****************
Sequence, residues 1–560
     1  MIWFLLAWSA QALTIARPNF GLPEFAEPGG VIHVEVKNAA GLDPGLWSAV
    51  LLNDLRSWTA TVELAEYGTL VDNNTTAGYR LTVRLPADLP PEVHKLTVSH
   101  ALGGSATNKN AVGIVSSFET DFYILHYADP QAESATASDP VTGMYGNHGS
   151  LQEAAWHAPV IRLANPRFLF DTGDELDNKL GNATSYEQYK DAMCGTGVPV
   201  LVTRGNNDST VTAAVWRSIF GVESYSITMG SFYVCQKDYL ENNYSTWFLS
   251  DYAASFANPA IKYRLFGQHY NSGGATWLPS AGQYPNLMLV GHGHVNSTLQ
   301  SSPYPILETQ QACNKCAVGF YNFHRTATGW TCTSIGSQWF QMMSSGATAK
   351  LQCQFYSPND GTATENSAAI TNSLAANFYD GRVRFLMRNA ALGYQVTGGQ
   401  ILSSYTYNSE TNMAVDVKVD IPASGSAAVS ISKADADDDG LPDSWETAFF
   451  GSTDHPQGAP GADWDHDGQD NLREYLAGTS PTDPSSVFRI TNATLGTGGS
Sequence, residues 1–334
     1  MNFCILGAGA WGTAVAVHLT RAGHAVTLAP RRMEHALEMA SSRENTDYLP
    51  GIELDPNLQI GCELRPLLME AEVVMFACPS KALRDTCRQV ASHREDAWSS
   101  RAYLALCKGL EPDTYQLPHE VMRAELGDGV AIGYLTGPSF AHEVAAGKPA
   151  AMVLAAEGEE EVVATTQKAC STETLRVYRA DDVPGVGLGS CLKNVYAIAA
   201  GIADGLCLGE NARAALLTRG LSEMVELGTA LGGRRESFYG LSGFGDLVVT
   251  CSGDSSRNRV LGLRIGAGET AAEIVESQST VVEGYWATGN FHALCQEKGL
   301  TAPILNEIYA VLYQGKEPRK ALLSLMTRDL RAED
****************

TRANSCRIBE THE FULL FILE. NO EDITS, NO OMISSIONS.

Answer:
Sequence, residues 1–560
     1  MIWFLLAWSA QALTIARPNF GLPEFAEPGG VIHVEVKNAA GLDPGLWSAV
    51  LLNDLRSWTA TVELAEYGTL VDNNTTAGYR LTVRLPADLP PEVHKLTVSH
   101  ALGGSATNKN AVGIVSSFET DFYILHYADP QAESATASDP VTGMYGNHGS
   151  LQEAAWHAPV IRLANPRFLF DTGDELDNKL GNATSYEQYK DAMCGTGVPV
   201  LVTRGNNDST VTAAVWRSIF GVESYSITMG SFYVCQKDYL ENNYSTWFLS
   251  DYAASFANPA IKYRLFGQHY NSGGATWLPS AGQYPNLMLV GHGHVNSTLQ
   301  SSPYPILETQ QACNKCAVGF YNFHRTATGW TCTSIGSQWF QMMSSGATAK
   351  LQCQFYSPND GTATENSAAI TNSLAANFYD GRVRFLMRNA ALGYQVTGGQ
   401  ILSSYTYNSE TNMAVDVKVD IPASGSAAVS ISKADADDDG LPDSWETAFF
   451  GSTDHPQGAP GADWDHDGQD NLREYLAGTS PTDPSSVFRI TNATLGTGGS
Sequence, residues 1–334
     1  MNFCILGAGA WGTAVAVHLT RAGHAVTLAP RRMEHALEMA SSRENTDYLP
    51  GIELDPNLQI GCELRPLLME AEVVMFACPS KALRDTCRQV ASHREDAWSS
   101  RAYLALCKGL EPDTYQLPHE VMRAELGDGV AIGYLTGPSF AHEVAAGKPA
   151  AMVLAAEGEE EVVATTQKAC STETLRVYRA DDVPGVGLGS CLKNVYAIAA
   201  GIADGLCLGE NARAALLTRG LSEMVELGTA LGGRRESFYG LSGFGDLVVT
   251  CSGDSSRNRV LGLRIGAGET AAEIVESQST VVEGYWATGN FHALCQEKGL
   301  TAPILNEIYA VLYQGKEPRK ALLSLMTRDL RAED